Just bring 5 liters of your favorite full synthetic and tell them to use it. Of course they might just stash your oil and use the cheap crap. So use the Liqui Moly New Generation 5W-30 oil - great stuff. It is greenish because it has green UV dye which is intended to help trace leaks. But it can be used to verify that the oil was used.

Or DIY, just keep the receipts.
 
Last edited:

yrwei52

2016 Mazda CX-5 GT AWD w/Tech Pkg. Plano, TX
Contributor
:
Plano, Texas, USA
I have questioned this with my dealer also. The service manager told me Mazda recommends their 5w30 for the 2.5T, which is a blend (or so this person states). I purchased a bottle to see for myself at the first oil change. Nowhere on the bottle is it stated that the oil it contains is a synthetic blend. Anyways, at the second oil change, I speak once again with the service manager after I had asked specifically for 5w30 full-synthetic. Again he stated that Mazda does not recommend full synthetic for the 2.5T. I asked why is that, and he just said that this is what Mazda told him to put in their turbo engines. Well, since I change the oil every 3750miles, I figure that, for now, it probably makes little to no difference. That being said, at 8,000 miles right now, I will likely be switching dealers if I find another one in reasonable distance who will definitely use 5w30 synthetic oil.
VWoA and Audi USA didn’t specify full synthetic 5W-30 oil to their 1.8T with recommended 7,500-mile OCI years ago until the sludge issue was surfaced. The result was a class action lawsuit and they have to fix the problem for free. I hope Mazda North American Operations won’t get caught in the same situation later. Always use full synthetic oil on turbo engines due to extremely high temperature on certain components.
 

Ronzuki

South Central PA
:
2018 CX5 Touring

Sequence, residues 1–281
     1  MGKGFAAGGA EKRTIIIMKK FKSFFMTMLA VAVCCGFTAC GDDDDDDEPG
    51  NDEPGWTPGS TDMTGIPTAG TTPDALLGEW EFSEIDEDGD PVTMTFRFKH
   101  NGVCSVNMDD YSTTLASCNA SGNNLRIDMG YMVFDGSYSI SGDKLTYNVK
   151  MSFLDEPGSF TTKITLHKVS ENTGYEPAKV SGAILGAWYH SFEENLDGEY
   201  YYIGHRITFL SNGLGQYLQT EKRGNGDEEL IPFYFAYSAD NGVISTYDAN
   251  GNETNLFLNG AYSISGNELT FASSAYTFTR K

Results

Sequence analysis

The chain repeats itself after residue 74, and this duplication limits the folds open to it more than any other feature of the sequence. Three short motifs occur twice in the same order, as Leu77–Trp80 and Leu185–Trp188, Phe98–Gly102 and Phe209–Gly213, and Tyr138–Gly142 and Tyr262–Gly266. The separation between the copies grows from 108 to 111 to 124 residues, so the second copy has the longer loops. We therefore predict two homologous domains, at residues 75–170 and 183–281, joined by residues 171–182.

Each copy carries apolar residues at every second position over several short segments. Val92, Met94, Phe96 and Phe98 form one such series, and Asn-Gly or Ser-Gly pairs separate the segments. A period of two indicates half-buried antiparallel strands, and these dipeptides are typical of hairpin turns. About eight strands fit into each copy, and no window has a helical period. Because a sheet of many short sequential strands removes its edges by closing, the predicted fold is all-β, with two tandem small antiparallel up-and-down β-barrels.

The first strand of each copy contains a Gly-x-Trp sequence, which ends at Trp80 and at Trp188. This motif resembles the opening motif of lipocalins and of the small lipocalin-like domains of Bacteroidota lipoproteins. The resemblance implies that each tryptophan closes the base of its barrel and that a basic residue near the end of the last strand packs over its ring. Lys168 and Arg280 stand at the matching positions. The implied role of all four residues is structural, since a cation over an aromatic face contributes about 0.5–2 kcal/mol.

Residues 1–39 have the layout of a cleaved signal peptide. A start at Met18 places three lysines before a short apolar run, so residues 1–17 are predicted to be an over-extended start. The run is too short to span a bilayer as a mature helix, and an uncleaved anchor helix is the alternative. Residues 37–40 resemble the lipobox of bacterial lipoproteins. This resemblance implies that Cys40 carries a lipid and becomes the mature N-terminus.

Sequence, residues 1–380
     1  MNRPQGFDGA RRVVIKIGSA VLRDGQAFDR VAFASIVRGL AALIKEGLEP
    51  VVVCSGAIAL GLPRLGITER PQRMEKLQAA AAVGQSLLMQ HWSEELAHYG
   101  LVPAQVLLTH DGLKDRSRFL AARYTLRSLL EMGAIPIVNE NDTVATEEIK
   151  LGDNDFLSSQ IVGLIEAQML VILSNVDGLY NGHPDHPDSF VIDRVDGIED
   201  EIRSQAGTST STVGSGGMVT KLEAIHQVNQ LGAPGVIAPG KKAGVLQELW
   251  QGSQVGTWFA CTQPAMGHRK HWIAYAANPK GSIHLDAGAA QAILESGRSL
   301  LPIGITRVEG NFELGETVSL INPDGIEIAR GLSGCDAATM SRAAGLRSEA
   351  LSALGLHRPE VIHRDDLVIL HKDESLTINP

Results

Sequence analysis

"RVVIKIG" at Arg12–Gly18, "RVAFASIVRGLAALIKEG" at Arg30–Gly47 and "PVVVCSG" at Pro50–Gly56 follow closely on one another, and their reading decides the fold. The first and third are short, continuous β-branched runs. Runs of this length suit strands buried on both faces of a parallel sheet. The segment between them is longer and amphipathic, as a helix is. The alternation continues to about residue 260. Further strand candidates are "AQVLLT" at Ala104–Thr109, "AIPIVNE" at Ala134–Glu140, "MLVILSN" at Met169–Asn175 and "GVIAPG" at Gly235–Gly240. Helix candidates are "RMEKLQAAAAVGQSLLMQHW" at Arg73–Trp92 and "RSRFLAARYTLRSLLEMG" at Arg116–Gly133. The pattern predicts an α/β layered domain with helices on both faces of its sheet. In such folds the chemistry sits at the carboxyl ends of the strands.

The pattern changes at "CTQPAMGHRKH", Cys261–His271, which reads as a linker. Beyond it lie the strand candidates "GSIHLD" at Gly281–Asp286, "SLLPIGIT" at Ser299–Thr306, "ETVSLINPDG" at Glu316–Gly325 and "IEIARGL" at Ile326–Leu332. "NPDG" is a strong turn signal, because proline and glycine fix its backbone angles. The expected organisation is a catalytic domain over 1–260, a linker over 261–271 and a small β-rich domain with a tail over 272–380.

:
w/ Pref Pkg
My co-worker's wife's 2011 Audi Q5 turbo was eating oil better than a quart per 5000 miles....up until Audi paid to rebuild the engine last spring at around 60k miles. Early on when it was still under factory warranty he noted, several times (on paper), with the dealer that it was using a lot of oil between changes which the same dealer always performed. With what, I don't know. "That's normal" was their reply every time.
 

yrwei52

2016 Mazda CX-5 GT AWD w/Tech Pkg. Plano, TX
Contributor
:
Plano, Texas, USA
My co-worker's wife's 2011 Audi Q5 turbo was eating oil better than a quart per 5000 miles....up until Audi paid to rebuild the engine last spring at around 60k miles. Early on when it was still under factory warranty he noted, several times (on paper), with the dealer that it was using a lot of oil between changes which the same dealer always performed. With what, I don't know. "That's normal" was their reply every time.
My previous 2001.5 VW Passat 2.8L V6 had been using 1 quart of oil per 800 ~ 1,000 miles since new. I’d been trying to have VWoA to fix the problem to no avail. Yeah, "that's normal" was their reply every time!
 
:
CX5 GT-R
I just brought in my 19 CX-5 signature for its first oil change at the dealership (sitting in the waiting area now).

I was under the impression that they would be putting 5w-30 full synthetic in it, but when asked, I was told the 5w-30 they have is conventional (front desk called and asked someone to confirm).

From other threads I've read other people's experience say they got synthetic, and I would have assumed that they have both conventional and synthetic lying around for service sales uplift. Is that not the case at the dealerships?

If that's the case I'll probably be doing my own oil changes with full synthetic after this and only bring it in for major maintenance and skip the oil change.
I use Mobil 1 5-30 EP, mainly because the next step up from M1 is $10/5qt jug more, and the EP is a proven good formula, HT06, Dexos G2, SN+, etc. cert. It's an excellent oil for a turbo motor.
 
WRONG OIL USED FOR TURBO

I need to take in my 2019 GTR for it's 2nd oil change soon so I was checking the previous report to see what oil they used... it was Castrol GT 0W-20 for the turbo...? even though the manual AND oil cap literally say 5W-30.

Why would they use the wrong oil? Could this damage the turbo/engine? Will it affect the warranty?